We bet Bollinger wouldn't have dropped Jordanian Queen Rania.

We bet Bollinger wouldn’t have dropped Jordanian Queen Rania.

Editor Nadra Rahman comes to you with a heart full of lamentation. Today, instead of preparing for an intimate night by the fire with fluffy-haired CU dreamboat Prezbo, she sits alone and thinks of what might have been.

The Chain of Events

On Friday, January 2, 2016, I received an email about the fireside chat, an “opportunity to have a candid conversation” with President Bollinger. “Okay,” I thought as I filled out the lottery form. “Whatever.” In the space where we had to type in a question to ask the president, I drew a blank and hastily typed, “Do you believe in miracles?” which was neither clever nor funny, but was in the interrogative form.

The following Thursday, I was notified of my selection. I confirmed, mildly confused by my own luck and excited at the prospect of skipping my chemistry lecture. Here is where it gets confusing: the next day, at 1:03 pm, I received a rejection letter, not an uncommon occurrence for me. The email read, “As you know, interest in these events is high and we are unable to extend an invitation to all entrants…” What? I ignored this second message, but I’m not sure how I was able to dismiss it so easily.

Here is the email I got a few hours later, at 3:46 pm:

Dear Nadra,

Thank you again for entering the lottery for the Fireside Chat with President Bollinger on February 10. Since the notification that your name was selected and the email confirming your spot, we discovered a technical error in the system that generated more confirmations than there are spots available at the chat. Because of that, it is unfortunate that we have to cancel a few confirmations, which includes your attendance.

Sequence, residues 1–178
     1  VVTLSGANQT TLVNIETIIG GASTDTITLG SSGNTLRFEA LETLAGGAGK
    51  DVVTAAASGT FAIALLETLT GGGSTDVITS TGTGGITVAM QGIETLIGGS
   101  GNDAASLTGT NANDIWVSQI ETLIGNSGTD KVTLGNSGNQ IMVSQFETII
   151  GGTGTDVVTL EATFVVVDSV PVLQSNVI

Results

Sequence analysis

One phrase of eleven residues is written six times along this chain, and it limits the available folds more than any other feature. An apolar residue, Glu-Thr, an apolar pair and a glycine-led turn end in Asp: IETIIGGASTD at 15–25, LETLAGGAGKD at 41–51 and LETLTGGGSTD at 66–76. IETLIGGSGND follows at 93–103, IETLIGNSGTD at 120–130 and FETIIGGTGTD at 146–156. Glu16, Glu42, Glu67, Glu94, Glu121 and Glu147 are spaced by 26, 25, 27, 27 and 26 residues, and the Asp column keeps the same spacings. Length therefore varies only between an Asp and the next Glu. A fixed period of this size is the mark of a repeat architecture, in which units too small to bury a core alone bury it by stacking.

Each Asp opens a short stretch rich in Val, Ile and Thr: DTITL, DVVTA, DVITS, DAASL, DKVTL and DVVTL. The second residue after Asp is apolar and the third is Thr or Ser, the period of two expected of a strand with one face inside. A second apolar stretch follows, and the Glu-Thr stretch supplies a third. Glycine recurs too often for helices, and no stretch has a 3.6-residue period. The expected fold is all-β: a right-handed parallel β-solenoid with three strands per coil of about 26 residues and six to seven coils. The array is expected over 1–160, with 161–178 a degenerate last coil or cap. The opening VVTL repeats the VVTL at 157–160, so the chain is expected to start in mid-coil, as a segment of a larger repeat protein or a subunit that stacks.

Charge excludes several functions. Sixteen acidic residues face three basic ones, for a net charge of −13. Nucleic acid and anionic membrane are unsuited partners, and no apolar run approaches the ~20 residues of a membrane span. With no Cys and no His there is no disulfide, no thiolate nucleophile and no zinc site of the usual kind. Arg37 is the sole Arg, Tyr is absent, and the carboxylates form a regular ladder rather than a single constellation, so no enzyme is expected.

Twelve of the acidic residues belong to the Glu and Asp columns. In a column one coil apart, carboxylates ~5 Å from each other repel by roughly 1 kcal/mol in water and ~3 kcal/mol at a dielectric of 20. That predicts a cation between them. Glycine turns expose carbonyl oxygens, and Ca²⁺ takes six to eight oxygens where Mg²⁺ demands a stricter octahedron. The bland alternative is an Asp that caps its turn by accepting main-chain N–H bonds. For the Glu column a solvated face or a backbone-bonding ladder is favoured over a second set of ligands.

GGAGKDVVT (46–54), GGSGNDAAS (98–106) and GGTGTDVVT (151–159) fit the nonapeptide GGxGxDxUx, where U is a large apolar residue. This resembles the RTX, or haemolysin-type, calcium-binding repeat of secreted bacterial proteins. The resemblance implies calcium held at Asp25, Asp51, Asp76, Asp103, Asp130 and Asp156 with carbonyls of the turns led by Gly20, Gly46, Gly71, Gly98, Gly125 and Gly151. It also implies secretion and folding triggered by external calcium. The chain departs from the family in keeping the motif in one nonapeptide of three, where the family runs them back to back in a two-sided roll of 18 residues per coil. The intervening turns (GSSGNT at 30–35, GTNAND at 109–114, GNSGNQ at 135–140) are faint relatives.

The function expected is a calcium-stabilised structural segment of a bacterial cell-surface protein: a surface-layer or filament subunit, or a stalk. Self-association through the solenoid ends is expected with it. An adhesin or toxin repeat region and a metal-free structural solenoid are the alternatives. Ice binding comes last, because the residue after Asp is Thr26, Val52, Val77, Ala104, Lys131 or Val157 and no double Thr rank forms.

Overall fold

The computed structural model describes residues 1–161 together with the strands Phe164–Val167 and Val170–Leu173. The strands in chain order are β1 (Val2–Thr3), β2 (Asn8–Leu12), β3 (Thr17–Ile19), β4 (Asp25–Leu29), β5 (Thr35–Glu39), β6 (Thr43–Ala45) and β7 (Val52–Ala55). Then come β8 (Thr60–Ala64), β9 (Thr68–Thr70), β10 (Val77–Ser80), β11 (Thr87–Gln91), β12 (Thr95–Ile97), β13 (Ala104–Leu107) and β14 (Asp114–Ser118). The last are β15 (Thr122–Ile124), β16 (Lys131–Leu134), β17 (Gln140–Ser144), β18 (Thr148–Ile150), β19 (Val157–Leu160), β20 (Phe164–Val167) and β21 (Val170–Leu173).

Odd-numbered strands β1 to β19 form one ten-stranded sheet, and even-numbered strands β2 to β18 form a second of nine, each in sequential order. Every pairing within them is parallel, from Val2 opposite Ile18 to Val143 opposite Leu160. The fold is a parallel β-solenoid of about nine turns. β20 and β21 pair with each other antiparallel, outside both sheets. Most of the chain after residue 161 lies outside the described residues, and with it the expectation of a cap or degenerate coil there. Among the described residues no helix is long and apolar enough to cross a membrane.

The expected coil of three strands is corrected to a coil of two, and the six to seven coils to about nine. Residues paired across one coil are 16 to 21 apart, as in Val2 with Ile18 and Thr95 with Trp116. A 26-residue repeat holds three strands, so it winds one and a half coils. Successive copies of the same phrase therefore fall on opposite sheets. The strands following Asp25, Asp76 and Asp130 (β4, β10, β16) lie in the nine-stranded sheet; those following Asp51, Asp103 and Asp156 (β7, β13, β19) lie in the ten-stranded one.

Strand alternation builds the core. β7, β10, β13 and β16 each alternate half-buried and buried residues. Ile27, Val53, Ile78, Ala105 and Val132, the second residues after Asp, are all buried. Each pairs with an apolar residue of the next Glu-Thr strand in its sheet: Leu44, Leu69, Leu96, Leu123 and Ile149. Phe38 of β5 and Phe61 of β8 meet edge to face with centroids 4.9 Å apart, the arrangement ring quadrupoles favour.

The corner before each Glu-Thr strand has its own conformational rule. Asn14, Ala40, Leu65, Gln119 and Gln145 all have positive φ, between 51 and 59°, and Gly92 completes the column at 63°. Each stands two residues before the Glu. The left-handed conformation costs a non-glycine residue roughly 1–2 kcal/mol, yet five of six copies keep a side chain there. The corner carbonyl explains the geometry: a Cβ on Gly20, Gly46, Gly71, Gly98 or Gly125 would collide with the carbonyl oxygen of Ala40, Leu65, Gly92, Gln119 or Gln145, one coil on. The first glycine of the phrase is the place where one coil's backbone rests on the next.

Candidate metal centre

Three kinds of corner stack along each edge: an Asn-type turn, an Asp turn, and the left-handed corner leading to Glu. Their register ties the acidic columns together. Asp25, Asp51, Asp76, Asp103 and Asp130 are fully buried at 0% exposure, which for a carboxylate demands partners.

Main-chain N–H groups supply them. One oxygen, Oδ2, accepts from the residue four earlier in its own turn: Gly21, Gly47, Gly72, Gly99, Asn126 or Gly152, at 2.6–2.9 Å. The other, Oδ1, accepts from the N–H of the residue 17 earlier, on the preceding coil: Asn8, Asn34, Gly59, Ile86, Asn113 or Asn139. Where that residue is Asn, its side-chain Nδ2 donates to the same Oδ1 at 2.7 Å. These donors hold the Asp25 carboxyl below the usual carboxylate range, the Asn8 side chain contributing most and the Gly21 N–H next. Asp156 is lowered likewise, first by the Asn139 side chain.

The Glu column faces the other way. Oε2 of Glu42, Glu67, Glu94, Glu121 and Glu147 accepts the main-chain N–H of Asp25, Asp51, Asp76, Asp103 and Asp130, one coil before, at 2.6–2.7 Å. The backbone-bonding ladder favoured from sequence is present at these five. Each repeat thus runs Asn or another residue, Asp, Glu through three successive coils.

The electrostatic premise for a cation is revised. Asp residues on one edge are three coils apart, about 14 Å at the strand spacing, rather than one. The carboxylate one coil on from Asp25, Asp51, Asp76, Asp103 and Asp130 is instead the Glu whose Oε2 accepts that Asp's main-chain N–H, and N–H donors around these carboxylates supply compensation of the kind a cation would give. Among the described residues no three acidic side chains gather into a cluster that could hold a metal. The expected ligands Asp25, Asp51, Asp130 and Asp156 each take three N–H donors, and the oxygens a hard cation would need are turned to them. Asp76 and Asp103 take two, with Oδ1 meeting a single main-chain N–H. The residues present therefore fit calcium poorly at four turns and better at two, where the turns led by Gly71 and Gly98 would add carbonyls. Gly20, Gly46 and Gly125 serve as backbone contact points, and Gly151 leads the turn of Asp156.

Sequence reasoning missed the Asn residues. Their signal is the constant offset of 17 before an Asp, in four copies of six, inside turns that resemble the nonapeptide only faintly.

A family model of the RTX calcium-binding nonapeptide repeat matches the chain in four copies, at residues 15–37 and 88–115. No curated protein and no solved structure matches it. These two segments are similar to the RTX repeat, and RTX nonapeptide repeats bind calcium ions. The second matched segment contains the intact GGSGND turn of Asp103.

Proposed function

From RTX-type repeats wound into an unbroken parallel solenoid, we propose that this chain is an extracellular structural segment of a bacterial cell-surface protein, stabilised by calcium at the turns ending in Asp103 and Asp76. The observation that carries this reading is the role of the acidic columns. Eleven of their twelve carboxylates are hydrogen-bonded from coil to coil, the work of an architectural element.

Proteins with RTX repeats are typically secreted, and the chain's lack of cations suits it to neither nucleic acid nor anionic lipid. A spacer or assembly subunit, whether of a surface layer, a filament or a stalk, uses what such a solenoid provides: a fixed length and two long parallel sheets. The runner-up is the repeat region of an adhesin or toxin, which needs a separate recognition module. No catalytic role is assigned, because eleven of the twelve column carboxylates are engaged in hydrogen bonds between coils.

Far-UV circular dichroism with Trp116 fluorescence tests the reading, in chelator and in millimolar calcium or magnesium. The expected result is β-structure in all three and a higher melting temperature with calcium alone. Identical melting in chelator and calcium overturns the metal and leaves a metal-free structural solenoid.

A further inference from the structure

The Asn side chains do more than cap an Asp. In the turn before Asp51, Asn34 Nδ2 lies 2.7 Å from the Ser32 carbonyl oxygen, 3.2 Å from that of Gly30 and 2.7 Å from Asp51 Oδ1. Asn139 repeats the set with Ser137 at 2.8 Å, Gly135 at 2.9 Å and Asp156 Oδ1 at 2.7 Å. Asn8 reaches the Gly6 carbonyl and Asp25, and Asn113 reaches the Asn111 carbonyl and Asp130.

I understand that this is frustrating and we sincerely apologize for the inconvenience. As a condolence for our oversight, you will automatically be added and confirmed for the next Fireside Chat with President Bollinger (if your schedule allows). You will not have to register to be entered into the lottery. You will have a confirmed seat.

We hope that you understand and again, we sincerely apologize for this. if you should have any additional questions, please do not hesitate to reach out.

The Reaction

What a blow! I was utterly crushed. It was “frustrating,” an “inconvenience,” and truly deserving of condolences. It was simultaneously a relief, because I didn’t really have anything to say to PrezBo and the opportunity probably would have been wasted on me. But still—what an utter drag. To raise my hopes and then crush them? To blame everything on a computer glitch? To rob me of the opportunity to guiltlessly skip a class? Not okay.

The administration is flawed in a lot of ways, but this is perhaps the most egregious demonstration of its uncaring, impassive nature in recent memory. Suddenly the sheen wears off, and the administration is revealed as little more than a processing component that spews out faulty results. No more gazing into PrezBo’s eyes as he talks about global centers and feigns relatability; now, acceptance that we are all figures entering and leaving lotteries, cogs in a machine that does not care about desires spurned or schedules shifted. Or, you know, not, and it was just a computer malfunction, which, I have to admit—does happen.

I have another quibble—why was I one of the people kicked out? Was my question that bad? (Yes.) Well, I guess that’s something to talk about at the next fireside chat, for which my attendance is confirmed (for now).

Prezbo schmoozing it up via Wikimedia Commons